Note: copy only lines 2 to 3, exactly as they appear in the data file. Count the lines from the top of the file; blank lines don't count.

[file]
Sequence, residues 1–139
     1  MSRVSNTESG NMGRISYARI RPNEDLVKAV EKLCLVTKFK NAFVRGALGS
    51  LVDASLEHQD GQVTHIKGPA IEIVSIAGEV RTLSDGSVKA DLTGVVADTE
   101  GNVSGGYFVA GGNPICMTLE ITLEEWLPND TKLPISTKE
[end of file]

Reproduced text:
     1  MSRVSNTESG NMGRISYARI RPNEDLVKAV EKLCLVTKFK NAFVRGALGS
    51  LVDASLEHQD GQVTHIKGPA IEIVSIAGEV RTLSDGSVKA DLTGVVADTE